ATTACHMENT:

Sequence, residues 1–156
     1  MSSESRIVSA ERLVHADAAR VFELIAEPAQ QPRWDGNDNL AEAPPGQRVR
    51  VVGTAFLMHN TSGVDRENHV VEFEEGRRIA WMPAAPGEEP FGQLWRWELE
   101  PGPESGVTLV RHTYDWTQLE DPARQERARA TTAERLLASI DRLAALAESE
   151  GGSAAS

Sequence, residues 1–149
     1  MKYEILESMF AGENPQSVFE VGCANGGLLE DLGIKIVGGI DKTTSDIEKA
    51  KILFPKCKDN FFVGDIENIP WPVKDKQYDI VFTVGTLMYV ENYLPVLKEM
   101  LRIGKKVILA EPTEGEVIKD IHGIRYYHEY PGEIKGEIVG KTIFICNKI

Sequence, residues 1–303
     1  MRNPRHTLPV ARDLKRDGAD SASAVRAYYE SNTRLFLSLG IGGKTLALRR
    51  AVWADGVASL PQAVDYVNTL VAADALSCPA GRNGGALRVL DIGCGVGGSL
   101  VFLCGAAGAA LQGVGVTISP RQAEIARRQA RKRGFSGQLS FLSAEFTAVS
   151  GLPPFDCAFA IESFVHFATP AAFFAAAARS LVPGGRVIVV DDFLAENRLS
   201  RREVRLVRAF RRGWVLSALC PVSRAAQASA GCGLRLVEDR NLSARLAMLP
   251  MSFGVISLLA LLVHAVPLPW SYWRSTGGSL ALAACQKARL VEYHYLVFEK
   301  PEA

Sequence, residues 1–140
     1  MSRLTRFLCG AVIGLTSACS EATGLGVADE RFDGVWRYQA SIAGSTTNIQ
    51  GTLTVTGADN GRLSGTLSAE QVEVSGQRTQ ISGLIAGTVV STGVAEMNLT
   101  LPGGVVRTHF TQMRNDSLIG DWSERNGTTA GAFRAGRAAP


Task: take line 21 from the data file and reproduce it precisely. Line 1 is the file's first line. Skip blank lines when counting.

   101  LPGGVVRTHF TQMRNDSLIG DWSERNGTTA GAFRAGRAAP